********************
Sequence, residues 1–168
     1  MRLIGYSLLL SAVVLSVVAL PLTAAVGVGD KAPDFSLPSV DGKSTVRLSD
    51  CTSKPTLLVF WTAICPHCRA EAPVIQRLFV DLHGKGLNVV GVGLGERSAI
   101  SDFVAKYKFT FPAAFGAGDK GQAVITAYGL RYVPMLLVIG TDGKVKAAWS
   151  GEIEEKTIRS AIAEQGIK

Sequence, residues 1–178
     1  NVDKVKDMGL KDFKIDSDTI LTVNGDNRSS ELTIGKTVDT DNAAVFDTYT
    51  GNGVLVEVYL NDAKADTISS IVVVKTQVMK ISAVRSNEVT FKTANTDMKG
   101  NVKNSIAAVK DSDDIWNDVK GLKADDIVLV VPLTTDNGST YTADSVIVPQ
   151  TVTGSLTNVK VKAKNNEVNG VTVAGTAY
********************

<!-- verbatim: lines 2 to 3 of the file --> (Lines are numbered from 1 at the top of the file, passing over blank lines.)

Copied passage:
     1  MRLIGYSLLL SAVVLSVVAL PLTAAVGVGD KAPDFSLPSV DGKSTVRLSD
    51  CTSKPTLLVF WTAICPHCRA EAPVIQRLFV DLHGKGLNVV GVGLGERSAI